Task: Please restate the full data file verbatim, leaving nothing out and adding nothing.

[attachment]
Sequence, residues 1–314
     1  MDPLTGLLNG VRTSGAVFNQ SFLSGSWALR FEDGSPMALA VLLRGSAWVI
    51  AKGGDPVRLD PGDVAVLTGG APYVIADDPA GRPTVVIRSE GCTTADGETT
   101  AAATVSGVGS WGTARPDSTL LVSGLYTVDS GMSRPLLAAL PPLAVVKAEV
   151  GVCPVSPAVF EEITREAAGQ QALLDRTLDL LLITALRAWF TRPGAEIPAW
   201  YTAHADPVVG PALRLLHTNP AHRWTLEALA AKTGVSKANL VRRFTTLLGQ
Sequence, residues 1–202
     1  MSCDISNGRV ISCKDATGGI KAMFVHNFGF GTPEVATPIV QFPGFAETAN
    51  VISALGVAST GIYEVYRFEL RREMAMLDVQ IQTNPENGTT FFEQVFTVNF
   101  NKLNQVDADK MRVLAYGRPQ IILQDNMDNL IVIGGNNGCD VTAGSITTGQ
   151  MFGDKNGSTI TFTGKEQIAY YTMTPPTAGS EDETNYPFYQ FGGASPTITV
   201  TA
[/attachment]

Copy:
Sequence, residues 1–314
     1  MDPLTGLLNG VRTSGAVFNQ SFLSGSWALR FEDGSPMALA VLLRGSAWVI
    51  AKGGDPVRLD PGDVAVLTGG APYVIADDPA GRPTVVIRSE GCTTADGETT
   101  AAATVSGVGS WGTARPDSTL LVSGLYTVDS GMSRPLLAAL PPLAVVKAEV
   151  GVCPVSPAVF EEITREAAGQ QALLDRTLDL LLITALRAWF TRPGAEIPAW
   201  YTAHADPVVG PALRLLHTNP AHRWTLEALA AKTGVSKANL VRRFTTLLGQ
Sequence, residues 1–202
     1  MSCDISNGRV ISCKDATGGI KAMFVHNFGF GTPEVATPIV QFPGFAETAN
    51  VISALGVAST GIYEVYRFEL RREMAMLDVQ IQTNPENGTT FFEQVFTVNF
   101  NKLNQVDADK MRVLAYGRPQ IILQDNMDNL IVIGGNNGCD VTAGSITTGQ
   151  MFGDKNGSTI TFTGKEQIAY YTMTPPTAGS EDETNYPFYQ FGGASPTITV
   201  TA